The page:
Lloyd M. Isley Interview, 23 August 2001

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MI:Well, no, not really, they didn't touch anything. You had a particular set of parameters that you were qualified to work on stuff, and you didn't work on anything that wasn't in your—you might, but they sure didn't send you out to—it was mainly just the two trades. We probably had more calls than anybody else, so the electricians, and the air-conditioning guys they would generally send you out together. They might have a call for him and a call for you, and they might be fairly close together so you'd hit both sites while you were out. But he and I went out a lot together, we were on standby at the same time a lot of times I guess, so seemed like he and I went out a lot together. Wrecked a truck one time together.
TT:Oh yeah? Were you driving?
MI:He was driving. He came over an overpass, which was just like that (gestures arc up and down) and we came across the top of it and there was a truck down at the bottom of it, a semi, that was trying to get traction to get up the—he hit the brakes and we started sliding, and we went off and rolled it over. That was a bad thing to wreck a truck when you're in the Air Force (laughs).
TT:They don't take it out of your pay did they?
MI:Well, this Second Lieutenant, or might have been a First Lieutenant, I don't remember, that gave us a ride back, this is how big a deal this was—they sent the colonel out there, it was a full Bird Colonel and it was late at night and I don't know how many officers come out there just to look at the truck laying in the snow, and they were slipping and sliding about to fall down crossing the highway, and then on the way back we drove back with a couple officers, and one of them said the Colonel was going to court-martial us. It was like a Article 15, it was a letter that told what you did and they would take away a stripe, but it was just something you didn't want on your records because if you had one you could forget about ever getting another stripe and they could take away some pay or whatever. He said, "You don't want to sign that because it's obvious that that wasn't you guys' fault. This is just between you and me, I'll deny it if you repeat it," he said, "but don't sign that whatever you do." Turned out that behind the truck was a Master Sergeant from base and he told them that the truck was definitely over on our side of the highway a little bit and that there was no way our fault that we weren't speeding or anything so turned out that it was no big deal.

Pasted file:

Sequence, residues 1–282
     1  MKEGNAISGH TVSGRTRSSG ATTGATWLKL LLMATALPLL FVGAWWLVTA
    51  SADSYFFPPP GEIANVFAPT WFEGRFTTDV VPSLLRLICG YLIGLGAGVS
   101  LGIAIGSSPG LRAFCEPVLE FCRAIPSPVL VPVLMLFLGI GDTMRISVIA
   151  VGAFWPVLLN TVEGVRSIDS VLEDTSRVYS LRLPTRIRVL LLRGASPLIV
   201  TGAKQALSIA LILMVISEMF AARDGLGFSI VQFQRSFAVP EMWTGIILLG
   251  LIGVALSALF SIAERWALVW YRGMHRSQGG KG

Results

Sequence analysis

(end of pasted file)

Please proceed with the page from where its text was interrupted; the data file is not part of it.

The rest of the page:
TT:Eventually you went in and did some maintenance to the site I would assume?
MI:I think we must have right before we left, and I don't remember if it was me. It must have been something real simple and it may have been that we just needed to put some Freon in the chiller, and we weren't there very long at any rate after, we were there a long time with that but as far as doing any type of work, we weren't there very long before we headed back to base if I remember right.
TT:Had the object disappeared at that time?
MI:Yes, we watched it and were describing where it was to Base Operations and what it was doing and it seemed like a long time, it seemed like an hour or two. And then he

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